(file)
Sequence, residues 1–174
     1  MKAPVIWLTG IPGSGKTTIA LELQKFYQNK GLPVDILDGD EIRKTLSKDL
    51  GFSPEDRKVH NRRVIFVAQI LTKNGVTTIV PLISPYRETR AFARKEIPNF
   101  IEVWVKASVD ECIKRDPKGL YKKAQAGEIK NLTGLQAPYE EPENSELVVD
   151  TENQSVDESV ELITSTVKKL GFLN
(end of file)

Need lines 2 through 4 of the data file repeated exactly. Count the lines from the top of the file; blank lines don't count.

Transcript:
     1  MKAPVIWLTG IPGSGKTTIA LELQKFYQNK GLPVDILDGD EIRKTLSKDL
    51  GFSPEDRKVH NRRVIFVAQI LTKNGVTTIV PLISPYRETR AFARKEIPNF
   101  IEVWVKASVD ECIKRDPKGL YKKAQAGEIK NLTGLQAPYE EPENSELVVD